The vast majority of people around the world have only seen African elephants from a television screen, from behind fences in zoos, or- if they’re lucky- from a safe seat in a safari car as it bounces past the grazing giants of the Serengeti. From those vantage points, it’s impossible to look at the massive bodies, dexterous trunks, and intelligent eyes of the elephant and not feel a keen sense of wonder and awe. Elephants are some of those ‘charismatic megafauna’ that capture the hearts of people worldwide, making conservation efforts seem like a no-brainer. Who wouldn’t want to protect and save these wise, complicated, prehistoric-seeming creatures?
The people who share a homeland with elephants might be in that category.
Elephants are herbivores, and must eat almost constantly to maintain enough calories to support their gargantuan bodies- individual adults can consume between 200 and 600 pounds of food per day. Traveling in family groups that can consist of 10-20 elephants or more, that’s an incredible amount of vegetation needed to sustain a herd.
In addition to the grasses, roots, fruit, and bark found in the wild, elephants have quickly learned that their human neighbors can provide a tasty supplement to their diet- fields of carefully tended yams, cassava, corn, plantains, and grains. A herd of elephants can destroy a subsistence farmer’s means of food and income for the whole year in just a single night.
These episodes of crop raiding have created dangerous situations for people living in sub-Saharan Africa. Desperate to protect their livelihood, farmers may try to stay awake all night, ready to yell and bang pots in an effort to frighten away any pachyderm pilferers. However, elephants are not so easily startled by humans, and have been known to attack and kill would-be crop defenders. In anger and frustration, a group of villagers may then retaliate and try to kill the next group of elephants they see. These was creating a vicious cycle of animosity on both sides; elephants are intelligent creatures, and once they began associating humans with pain and disruption, there was evidence that they became more violent to humans in future encounters.
The heightened tensions were disastrous for both humans and elephants, and a solution was desperately needed to protect both vulnerable groups.
There had been local rumors buzzing around for a while that claimed elephants were afraid of bees, but it wasn’t until researchers Fritz Vollrath, Dr. Iain Douglas-Hamilton, and Dr. Lucy King investigated that those results were confirmed to the rest of the world. When confronted with the sound of bees buzzing, the elephants would immediately retreat and send out a rumbling call that would warn other elephants of danger in the area. Additionally, the elephants would begin shaking their heads and dusting themselves, suggesting that their skin was sensitive to bee stings and that they knew to associate the sound with potential pain.
Armed with this knowledge, researchers, nonprofits, and government groups set out to make affordable beehive fences that could protect precious crops from marauding elephants and protect elephants from learning dangerous behaviors that would bring them into conflicts with humans.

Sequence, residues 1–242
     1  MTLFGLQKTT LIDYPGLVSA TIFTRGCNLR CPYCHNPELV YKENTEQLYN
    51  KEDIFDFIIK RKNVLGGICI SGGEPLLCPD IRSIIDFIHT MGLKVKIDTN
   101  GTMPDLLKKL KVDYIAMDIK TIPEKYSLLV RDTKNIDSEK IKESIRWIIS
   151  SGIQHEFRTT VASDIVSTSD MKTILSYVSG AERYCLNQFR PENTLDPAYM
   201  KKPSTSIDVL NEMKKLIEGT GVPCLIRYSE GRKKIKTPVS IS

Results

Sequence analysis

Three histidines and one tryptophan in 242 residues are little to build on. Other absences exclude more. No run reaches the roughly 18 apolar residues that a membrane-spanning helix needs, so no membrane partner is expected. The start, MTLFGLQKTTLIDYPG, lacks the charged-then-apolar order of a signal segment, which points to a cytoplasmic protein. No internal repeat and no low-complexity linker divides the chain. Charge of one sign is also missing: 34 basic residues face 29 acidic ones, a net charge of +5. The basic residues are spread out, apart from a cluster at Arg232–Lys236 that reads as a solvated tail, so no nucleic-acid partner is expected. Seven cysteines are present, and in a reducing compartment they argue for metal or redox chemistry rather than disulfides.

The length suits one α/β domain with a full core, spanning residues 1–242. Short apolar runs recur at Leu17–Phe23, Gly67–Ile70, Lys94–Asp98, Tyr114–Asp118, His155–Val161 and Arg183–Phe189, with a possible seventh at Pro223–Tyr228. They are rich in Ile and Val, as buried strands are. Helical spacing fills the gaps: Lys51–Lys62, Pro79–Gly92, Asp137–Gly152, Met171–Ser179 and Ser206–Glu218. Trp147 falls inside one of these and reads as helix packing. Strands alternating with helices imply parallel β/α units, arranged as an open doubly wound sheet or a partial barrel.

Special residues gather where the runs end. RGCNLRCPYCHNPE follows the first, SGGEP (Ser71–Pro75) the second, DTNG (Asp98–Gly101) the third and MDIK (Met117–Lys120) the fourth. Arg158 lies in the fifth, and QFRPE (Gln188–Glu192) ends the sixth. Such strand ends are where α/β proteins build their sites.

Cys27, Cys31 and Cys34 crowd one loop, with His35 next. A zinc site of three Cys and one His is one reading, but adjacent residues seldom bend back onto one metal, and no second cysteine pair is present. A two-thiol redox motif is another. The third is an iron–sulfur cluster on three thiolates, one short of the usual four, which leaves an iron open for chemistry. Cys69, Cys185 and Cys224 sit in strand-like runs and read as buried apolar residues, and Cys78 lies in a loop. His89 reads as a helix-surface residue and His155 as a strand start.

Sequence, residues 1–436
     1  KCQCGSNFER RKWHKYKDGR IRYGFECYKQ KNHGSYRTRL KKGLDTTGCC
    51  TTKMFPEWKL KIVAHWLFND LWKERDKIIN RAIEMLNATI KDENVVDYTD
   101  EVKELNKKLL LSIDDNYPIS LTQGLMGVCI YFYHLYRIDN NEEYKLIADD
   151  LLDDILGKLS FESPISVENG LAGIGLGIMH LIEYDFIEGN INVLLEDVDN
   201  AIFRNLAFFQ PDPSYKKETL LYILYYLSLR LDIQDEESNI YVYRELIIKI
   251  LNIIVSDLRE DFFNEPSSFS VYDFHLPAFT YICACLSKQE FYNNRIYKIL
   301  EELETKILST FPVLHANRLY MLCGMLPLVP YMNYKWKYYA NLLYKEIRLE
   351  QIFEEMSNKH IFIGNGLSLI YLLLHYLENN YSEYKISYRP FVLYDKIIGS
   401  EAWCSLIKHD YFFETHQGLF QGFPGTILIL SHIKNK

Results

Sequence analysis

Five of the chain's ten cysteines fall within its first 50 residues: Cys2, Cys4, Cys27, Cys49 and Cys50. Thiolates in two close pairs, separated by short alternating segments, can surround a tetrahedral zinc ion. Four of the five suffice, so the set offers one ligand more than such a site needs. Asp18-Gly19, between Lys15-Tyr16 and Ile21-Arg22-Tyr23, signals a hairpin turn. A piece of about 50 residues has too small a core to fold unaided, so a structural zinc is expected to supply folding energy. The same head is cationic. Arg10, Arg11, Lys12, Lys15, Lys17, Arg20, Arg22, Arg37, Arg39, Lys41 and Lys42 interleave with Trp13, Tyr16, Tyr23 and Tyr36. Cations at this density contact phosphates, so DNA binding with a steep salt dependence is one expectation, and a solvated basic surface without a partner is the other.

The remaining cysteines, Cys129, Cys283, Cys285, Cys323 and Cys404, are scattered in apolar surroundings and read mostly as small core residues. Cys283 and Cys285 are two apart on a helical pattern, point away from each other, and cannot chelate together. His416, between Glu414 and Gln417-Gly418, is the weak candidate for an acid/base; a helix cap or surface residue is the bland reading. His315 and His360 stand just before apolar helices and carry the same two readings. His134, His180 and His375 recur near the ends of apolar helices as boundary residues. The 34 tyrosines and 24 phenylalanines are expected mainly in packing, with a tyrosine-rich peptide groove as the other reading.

In the last few years, as the success of the beehive fences has been proven time and again, they are gaining in popularity throughout Africa. The fences are genius in their simplicity; a hanging box hive is hung from a fence every ten meters, all connected by wire. This way, if an elephant brushes against the fence or wire, the hives will swing and rock and the bees will swarm out to get away from the disturbance. Nearly 100% of the time, the elephant will turn tail and run, warning its family members to stay away. Thanks to their famous memories, the elephants won’t soon forget that lesson.
Not only do the fences allow farmers to harvest their full crop without any losses to elephants, but the honey produced in the hives has also found a niche market. “Elephant-Friendly Honey,” as it’s called, has been a huge hit with globally conscious consumers who increasingly want to know that the products they are buying support a good cause.
African elephant populations have slowly been increasing since the poaching crisis that decimated their numbers in the 1970’s and 1980’s. While the rest of the world celebrated that fact, many African people living in close proximity to elephants couldn’t see why people around the world were so eager to save the creatures that were plaguing their lives and livelihoods. Now, thanks to an increased effort to help protect people along with ivory-tipped neighbors, more and more people are able to view their globally treasured wildlife with a sense of pride instead of fear.
KATHARINE ROSE FIELDING
Katharine Rose was born in Maryland and is currently working for the Condor Recovery Project in California. She studied wildlife management in East Africa, and gained a deep passion for wildlife conservation, social activism, and travel while there. Since then, she has traveled and worked throughout the United States, South America, and Asia, and hopes to continue learning about global conservation and inspiring others to do the same.